The Interim Trading Skills of Institutional Investors


  • Andy Puckett is at the University of Tennessee. Xuemin (Sterling) Yan is at the Trulaske College of Business, University of Missouri. We would like to thank Judy Maiorca, Allison Keane, and ANcerno Ltd. (formerly the Abel Noser Corporation) for providing institutional trading data. We would also like to thank Cam Harvey (the Editor), an anonymous associate editor, an anonymous referee, Paul Brockman, Dan French, Bill Moser, Chunchi Wu, Lu Zheng (AFA discussant), Jonathan Berk, Russ Wermers, Harold Black, Larry Fauver, Phillip Daves, Mike Ehrhardt, and seminar participants at the 2009 American Finance Association Conference, the University of Tennessee, the University of Missouri, and the National Chiao Tung University of Taiwan for helpful comments. We acknowledge financial support from the University of Missouri Research Board.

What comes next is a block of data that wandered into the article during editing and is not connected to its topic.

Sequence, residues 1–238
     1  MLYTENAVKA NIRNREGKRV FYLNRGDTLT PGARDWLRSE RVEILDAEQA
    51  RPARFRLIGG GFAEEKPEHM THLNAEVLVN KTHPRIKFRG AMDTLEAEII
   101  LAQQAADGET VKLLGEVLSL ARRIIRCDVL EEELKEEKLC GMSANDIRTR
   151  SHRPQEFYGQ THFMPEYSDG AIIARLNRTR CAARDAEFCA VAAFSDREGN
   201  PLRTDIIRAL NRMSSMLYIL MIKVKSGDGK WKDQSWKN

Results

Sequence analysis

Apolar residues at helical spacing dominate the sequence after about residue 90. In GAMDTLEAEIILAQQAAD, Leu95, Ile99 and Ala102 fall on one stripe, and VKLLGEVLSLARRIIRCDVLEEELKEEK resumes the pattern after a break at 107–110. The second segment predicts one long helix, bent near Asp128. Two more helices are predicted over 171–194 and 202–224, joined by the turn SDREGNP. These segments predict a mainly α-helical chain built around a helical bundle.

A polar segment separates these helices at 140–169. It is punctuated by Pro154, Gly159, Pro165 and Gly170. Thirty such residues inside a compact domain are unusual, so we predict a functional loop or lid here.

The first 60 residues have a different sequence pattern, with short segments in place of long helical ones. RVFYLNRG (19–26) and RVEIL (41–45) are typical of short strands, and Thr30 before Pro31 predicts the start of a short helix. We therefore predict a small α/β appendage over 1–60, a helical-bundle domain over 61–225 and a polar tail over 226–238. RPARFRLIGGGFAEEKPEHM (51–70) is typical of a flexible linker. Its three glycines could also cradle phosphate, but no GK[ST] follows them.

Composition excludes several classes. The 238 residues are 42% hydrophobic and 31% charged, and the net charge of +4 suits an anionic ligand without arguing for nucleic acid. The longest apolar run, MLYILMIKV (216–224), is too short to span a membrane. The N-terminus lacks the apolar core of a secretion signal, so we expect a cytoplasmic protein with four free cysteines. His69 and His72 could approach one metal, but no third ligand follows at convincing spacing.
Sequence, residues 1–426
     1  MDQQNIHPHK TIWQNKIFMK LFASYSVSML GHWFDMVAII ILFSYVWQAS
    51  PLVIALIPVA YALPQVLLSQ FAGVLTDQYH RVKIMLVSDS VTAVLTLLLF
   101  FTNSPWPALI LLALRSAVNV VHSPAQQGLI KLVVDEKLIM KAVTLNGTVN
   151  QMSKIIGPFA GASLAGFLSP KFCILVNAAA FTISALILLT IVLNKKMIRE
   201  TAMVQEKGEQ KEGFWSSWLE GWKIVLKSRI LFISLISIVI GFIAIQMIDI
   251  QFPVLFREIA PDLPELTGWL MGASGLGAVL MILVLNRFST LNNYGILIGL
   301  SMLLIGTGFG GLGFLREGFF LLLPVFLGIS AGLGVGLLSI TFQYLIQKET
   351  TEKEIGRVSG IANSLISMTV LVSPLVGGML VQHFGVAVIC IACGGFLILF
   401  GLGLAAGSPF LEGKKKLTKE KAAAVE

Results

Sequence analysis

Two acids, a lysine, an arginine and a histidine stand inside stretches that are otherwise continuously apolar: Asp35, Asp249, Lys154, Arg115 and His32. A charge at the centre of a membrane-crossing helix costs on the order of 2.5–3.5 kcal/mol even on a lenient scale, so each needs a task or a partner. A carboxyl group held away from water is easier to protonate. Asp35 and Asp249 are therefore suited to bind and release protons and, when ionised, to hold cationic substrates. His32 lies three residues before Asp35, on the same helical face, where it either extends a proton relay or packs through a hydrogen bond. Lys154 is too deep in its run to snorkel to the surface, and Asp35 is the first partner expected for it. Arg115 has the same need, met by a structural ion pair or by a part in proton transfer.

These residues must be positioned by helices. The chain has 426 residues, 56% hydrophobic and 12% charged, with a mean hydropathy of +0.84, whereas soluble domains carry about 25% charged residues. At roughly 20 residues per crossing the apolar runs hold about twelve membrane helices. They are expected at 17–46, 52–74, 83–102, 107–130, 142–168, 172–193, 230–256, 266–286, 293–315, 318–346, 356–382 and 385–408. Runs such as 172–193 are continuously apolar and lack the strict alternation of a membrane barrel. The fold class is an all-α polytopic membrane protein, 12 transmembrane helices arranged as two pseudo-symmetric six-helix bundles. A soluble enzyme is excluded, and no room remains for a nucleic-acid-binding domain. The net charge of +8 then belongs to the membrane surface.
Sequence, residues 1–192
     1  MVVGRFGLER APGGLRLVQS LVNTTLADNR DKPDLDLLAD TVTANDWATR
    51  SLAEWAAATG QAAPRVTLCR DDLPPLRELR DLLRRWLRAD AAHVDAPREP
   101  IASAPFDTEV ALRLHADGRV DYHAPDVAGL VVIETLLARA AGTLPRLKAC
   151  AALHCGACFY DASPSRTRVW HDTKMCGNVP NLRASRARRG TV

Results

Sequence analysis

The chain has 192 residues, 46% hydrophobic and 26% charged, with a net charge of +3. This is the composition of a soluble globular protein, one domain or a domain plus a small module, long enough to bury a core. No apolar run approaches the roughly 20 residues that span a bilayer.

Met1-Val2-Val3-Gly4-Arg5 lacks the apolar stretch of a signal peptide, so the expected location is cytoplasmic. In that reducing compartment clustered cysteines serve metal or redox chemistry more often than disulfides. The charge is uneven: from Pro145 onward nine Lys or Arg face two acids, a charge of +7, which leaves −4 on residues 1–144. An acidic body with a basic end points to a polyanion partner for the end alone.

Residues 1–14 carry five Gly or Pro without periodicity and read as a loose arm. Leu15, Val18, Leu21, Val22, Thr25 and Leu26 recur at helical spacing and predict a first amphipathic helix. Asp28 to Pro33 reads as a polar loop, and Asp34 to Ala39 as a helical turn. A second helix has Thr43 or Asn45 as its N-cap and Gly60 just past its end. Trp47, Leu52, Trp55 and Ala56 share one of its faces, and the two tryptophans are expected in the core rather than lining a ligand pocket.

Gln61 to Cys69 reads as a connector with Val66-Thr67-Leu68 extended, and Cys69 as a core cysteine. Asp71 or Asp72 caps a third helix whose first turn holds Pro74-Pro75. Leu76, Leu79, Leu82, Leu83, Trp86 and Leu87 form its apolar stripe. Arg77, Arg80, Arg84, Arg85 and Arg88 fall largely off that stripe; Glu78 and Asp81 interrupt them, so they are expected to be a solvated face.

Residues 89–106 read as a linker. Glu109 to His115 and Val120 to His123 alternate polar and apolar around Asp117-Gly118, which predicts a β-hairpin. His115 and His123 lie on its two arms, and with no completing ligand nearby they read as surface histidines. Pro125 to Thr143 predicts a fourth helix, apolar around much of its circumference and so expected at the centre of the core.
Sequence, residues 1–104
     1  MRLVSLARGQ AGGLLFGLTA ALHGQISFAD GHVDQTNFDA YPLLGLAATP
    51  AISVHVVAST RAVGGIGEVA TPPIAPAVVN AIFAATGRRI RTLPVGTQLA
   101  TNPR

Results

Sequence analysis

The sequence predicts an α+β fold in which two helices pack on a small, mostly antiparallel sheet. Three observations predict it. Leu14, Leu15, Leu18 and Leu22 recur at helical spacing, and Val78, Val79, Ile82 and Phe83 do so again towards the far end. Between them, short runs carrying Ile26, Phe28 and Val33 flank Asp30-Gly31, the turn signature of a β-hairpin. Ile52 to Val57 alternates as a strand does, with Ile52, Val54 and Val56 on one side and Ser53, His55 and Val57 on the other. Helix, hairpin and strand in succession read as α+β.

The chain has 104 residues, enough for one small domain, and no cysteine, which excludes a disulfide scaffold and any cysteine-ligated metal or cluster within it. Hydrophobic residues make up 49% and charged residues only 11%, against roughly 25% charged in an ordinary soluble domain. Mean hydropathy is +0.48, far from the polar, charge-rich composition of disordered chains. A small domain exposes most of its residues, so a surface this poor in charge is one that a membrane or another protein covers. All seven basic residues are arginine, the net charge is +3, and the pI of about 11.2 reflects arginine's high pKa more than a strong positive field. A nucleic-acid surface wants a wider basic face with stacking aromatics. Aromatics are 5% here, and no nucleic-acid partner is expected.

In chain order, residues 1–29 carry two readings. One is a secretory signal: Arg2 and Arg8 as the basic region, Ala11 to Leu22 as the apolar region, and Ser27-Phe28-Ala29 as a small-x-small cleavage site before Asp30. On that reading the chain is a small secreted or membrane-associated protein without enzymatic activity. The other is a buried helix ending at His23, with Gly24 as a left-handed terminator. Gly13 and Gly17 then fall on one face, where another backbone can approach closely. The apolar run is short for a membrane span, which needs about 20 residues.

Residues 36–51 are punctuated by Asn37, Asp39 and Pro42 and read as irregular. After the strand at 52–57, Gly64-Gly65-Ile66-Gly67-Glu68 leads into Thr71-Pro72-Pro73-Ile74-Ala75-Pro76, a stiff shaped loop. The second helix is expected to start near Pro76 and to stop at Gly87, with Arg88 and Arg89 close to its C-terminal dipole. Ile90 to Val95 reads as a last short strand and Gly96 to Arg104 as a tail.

Using a large proprietary database of institutional trades, this paper examines the interim (intraquarter) trading skills of institutional investors. We find strong evidence that institutional investors earn significant abnormal returns on their trades within the trading quarter and that interim trading performance is persistent. After transactions costs, our estimates suggest that interim trading skills contribute between 20 and 26 basis points per year to the average fund's abnormal performance. Our findings also indicate that any trading skills documented by previous studies that use quarterly data are biased downwards because of their inability to account for interim trades.